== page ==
Want Local Food? Got to have Local Farmland!
Our food comes from farmland—and we are losing farmland fast. New York State has lost half a million acres of farmland to suburban sprawl since the 1980s. That’s the equivalent of 4,500 farms. We have to stop losing farmland now. Don’t let concrete be the last crop. #nofarmsnofood
Farmland is most vulnerable to being lost to development when it comes time for the farmer that works the land to retire.
“We have a graying of our farmer population.”—David Haight, NYS Director, American Farmland Trust
With nearly 25 percent of the farmland in New York State owned by farmers aged 65 and older millions of acres of land on thousands of farms will be at risk of being lost to development in the next two decades.
At the same time, thanks to New York’s dynamic local food movement, hundreds of young people who are not from traditional agricultural backgrounds are seeking land on which to start their farms. Recent reports show that access to affordable farmland is one of the biggest hurdles facing young farmers.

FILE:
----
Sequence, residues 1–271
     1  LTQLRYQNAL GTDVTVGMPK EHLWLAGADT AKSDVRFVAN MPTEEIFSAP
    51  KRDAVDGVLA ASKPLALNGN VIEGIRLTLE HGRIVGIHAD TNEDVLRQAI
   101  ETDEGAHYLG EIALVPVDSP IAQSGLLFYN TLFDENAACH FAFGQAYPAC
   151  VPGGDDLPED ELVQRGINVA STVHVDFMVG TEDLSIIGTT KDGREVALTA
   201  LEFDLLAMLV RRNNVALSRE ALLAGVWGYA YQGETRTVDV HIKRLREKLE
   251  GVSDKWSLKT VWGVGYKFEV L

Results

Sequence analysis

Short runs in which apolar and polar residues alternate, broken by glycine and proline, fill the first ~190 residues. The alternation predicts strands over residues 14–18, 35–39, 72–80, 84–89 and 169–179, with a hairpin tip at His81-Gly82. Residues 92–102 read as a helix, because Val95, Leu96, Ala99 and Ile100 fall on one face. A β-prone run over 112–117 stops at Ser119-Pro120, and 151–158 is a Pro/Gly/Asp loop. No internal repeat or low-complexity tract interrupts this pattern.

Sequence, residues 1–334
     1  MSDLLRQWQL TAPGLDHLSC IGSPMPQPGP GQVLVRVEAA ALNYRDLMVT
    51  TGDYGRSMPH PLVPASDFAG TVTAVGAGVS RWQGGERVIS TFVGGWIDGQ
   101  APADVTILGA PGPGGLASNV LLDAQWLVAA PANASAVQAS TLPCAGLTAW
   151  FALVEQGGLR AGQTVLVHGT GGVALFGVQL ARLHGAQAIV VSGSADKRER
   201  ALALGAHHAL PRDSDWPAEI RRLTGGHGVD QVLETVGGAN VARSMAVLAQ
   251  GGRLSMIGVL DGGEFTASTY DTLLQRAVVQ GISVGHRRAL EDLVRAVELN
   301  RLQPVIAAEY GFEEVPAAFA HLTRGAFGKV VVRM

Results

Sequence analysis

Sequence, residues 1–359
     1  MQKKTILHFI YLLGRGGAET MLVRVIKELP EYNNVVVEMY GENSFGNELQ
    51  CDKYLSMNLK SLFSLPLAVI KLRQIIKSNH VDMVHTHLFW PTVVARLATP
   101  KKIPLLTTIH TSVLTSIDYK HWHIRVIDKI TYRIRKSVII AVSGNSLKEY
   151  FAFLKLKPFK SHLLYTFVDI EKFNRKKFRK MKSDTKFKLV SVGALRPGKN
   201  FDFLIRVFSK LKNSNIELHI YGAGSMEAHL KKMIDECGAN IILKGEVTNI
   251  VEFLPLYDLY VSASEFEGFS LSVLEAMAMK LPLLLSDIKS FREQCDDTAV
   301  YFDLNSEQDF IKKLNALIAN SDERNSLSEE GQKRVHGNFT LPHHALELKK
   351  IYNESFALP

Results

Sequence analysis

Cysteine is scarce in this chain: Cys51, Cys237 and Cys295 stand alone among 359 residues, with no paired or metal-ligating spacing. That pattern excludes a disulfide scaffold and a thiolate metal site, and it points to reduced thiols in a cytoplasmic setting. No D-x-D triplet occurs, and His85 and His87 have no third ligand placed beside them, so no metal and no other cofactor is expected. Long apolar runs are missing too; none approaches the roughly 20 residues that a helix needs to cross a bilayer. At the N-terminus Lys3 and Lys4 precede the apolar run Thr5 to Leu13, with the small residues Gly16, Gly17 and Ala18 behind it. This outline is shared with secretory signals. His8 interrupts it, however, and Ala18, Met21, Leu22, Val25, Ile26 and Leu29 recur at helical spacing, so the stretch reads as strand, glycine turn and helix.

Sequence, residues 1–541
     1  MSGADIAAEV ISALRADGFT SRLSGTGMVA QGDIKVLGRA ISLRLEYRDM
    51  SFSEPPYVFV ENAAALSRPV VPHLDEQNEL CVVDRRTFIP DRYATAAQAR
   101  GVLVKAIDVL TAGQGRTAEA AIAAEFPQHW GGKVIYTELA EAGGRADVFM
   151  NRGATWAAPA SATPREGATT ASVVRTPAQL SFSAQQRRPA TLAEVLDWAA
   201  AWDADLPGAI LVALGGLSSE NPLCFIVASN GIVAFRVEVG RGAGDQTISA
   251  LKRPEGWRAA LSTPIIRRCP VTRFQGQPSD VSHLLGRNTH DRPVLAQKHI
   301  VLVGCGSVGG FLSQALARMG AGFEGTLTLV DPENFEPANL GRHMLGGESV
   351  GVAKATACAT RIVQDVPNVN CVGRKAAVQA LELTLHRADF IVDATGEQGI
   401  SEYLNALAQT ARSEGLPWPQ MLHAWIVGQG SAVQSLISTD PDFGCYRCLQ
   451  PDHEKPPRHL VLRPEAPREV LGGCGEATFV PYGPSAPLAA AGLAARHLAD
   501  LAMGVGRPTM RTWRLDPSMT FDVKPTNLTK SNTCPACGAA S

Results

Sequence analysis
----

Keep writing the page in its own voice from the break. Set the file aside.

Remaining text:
Communities that want to preserve their agricultural heritage and rural character are jumping into the fray, getting involved in saving farmland by setting up local funding programs that protect agricultural land at risk of being lost to development and making it available to young farmers just starting out.
Farmers Steve Blabac and Erin Grimley came to the Town of Clarence., in Erie County near the City of Buffalo, to start up Root Down Farm, a Community Supported Agriculture farm. The young farmers were attracted to the town by the Clarence Greenprint, a local farmland conservation program funded by a $12.5 million bond the town approved in 2002 to protect open space and farmland through the purchase of conservation easements.
“I watched family farms closing back home and it had an effect on me.”—Steve Blabac, farmer
The Western New York Land Conservancy, a land trusts that preserves farmland and open space, was instrumental both in the design of the Greenprint and recruiting the new farmers. When Steve came to them looking for land to farm the Western New York Land Conservancy pointed him toward Clarence.
Clarence credits the Greenprint Program for the town’s nearly 15 percent increase in property values next to conserved land and property tax rates that are 30 percent less than those in comparable towns in the region.
“This land faces significant development pressure. We want to be part of the effort to preserve the rural nature of this town and its agricultural character.” –Erin Grimley, farmer